'.....The Royal Charter was an iron vessel of 2,749 tons register, built and rigged as a clipper, and furnished with engines (auxiliary screws) of 300-horse power by Messrs. Penn, of Greenwich. Her length. was 320 feet, and her breadth of beam 41 feet 6 in. She was laid on the stocks at Sandycroft, near Cheater, by Mr. Cram, of that city, from designs by Mr. Grinrod, of Liverpool. Mr. Cram intended her for a sailing ship, but while on the stocks she was purchased by Messrs. Gibbs, Bright, and Co., and, under the inspection of Mr. Patterson, of Bristol, she was transformed into a screw steamer. An attempt was made to launch her on the 31st of July, 1855, but this failed, and she did not reach the water till the 30th of August. In appearance she was a very graceful vessel, and her passages were remarkably rapid; but differences of opinion existed as to her strength, end it is stated that during the last voyage from the Horn to Queenstown she was much strained. We understand that she cost upwards of 90,000l., and that at the time of her loss her market value was about 70,000l.; this is fully covered, we understand, by insurances on her 'effected in London to the amount of 80,000l......'[1]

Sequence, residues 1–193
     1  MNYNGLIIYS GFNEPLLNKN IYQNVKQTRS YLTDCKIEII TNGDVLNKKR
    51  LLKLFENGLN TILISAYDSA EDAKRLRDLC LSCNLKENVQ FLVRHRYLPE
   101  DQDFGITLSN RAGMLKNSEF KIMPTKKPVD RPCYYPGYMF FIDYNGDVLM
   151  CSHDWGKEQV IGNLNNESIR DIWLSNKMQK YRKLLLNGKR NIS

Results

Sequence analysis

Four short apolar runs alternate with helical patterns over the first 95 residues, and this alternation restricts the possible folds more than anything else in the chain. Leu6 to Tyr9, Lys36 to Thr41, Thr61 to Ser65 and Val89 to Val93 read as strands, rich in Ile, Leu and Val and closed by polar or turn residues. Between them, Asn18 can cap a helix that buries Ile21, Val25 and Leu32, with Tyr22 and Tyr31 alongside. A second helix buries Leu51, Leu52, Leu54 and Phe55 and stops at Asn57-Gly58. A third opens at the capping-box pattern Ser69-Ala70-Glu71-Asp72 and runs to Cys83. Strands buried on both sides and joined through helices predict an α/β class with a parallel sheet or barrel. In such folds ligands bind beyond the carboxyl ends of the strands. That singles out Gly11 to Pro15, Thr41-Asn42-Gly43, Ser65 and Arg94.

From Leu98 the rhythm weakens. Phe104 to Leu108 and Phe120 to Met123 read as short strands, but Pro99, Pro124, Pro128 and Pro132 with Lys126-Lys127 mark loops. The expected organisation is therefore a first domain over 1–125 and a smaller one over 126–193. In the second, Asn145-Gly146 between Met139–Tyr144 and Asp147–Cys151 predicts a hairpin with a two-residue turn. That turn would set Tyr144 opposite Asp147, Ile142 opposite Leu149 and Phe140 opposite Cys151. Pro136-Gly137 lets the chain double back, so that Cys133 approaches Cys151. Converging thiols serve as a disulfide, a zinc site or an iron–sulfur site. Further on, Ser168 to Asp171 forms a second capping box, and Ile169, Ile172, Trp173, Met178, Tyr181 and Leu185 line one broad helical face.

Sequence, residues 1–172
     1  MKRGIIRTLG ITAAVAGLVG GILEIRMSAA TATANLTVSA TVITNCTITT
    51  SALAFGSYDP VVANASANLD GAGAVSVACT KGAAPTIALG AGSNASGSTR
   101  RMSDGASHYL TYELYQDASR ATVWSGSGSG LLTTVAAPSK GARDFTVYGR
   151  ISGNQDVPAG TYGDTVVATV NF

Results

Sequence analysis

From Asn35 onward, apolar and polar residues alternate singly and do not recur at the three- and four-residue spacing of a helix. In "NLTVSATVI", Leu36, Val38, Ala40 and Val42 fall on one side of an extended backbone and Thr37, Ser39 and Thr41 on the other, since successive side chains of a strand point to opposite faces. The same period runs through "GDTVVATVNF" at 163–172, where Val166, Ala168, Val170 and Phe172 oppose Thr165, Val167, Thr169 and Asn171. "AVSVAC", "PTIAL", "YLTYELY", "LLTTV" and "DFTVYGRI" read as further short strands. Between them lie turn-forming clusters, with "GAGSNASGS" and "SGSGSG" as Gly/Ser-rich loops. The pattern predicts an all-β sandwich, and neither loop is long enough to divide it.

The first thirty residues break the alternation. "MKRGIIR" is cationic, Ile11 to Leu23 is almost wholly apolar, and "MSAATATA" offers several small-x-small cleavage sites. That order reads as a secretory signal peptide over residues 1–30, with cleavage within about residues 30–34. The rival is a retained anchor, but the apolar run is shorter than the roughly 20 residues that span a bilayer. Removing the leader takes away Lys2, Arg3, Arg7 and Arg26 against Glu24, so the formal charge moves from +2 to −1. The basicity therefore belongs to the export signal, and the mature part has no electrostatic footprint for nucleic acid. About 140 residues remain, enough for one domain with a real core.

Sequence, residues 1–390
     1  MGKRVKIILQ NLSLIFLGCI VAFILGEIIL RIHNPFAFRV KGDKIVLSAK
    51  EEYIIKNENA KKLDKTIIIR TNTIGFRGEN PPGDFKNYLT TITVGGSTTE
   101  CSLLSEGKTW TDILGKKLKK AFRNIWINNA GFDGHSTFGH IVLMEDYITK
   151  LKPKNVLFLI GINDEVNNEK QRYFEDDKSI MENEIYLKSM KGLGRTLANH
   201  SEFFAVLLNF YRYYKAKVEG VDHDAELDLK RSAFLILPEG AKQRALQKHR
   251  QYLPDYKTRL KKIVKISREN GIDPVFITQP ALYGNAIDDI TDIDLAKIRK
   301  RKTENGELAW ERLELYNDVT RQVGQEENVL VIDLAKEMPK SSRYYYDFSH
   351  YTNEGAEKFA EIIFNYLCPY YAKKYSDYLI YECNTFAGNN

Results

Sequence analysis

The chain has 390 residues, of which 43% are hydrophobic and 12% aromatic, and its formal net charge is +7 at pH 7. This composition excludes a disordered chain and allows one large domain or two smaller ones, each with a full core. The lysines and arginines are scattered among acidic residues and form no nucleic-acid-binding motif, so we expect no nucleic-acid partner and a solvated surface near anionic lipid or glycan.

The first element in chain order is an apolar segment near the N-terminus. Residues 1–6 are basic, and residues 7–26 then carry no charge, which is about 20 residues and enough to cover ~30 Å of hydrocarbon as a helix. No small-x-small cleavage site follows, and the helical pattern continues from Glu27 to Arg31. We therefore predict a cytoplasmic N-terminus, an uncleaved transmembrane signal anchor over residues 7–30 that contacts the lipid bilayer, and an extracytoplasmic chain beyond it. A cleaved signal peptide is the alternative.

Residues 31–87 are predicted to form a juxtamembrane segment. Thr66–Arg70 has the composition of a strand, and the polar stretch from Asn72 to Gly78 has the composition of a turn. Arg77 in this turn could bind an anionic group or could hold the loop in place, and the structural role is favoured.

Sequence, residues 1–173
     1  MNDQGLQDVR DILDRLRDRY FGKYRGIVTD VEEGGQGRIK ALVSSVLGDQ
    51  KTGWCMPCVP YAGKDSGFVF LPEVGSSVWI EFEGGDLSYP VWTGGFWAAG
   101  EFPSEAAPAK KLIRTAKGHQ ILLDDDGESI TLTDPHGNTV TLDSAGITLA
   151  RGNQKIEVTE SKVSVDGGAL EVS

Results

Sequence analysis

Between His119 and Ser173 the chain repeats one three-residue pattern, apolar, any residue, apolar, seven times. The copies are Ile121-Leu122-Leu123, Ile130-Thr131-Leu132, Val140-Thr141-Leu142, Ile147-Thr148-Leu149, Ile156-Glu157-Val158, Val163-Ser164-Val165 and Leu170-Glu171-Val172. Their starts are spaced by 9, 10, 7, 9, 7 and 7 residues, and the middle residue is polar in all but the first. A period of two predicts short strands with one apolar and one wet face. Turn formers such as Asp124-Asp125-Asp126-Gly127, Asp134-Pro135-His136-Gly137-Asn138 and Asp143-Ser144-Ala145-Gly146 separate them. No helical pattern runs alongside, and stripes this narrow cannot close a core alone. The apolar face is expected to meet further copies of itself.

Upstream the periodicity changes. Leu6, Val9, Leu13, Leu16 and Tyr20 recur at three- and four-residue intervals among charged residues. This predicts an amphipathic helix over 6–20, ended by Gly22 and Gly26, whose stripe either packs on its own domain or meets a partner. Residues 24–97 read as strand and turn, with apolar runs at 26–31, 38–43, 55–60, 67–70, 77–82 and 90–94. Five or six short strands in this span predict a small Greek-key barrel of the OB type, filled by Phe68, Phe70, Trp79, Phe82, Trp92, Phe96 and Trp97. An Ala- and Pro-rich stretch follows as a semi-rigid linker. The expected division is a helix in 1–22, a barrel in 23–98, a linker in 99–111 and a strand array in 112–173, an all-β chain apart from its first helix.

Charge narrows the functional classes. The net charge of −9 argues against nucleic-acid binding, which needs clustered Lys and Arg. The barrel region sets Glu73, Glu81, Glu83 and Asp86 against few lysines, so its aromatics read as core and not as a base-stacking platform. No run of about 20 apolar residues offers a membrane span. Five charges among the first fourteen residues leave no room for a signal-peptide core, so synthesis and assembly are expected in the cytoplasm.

'THE WRECK OF THE ROYAL CHARTER.
OFFICIAL REPORT TO THE BOARD OF TRADE

The Committee of Privy Council for Trade have received the following from Mr Mansfield, the magistrate of Liverpool, and Captain Harris, nautical assessor, who held the late inquiry at Liverpool relative to the wreck of the Royal Charter steamship :—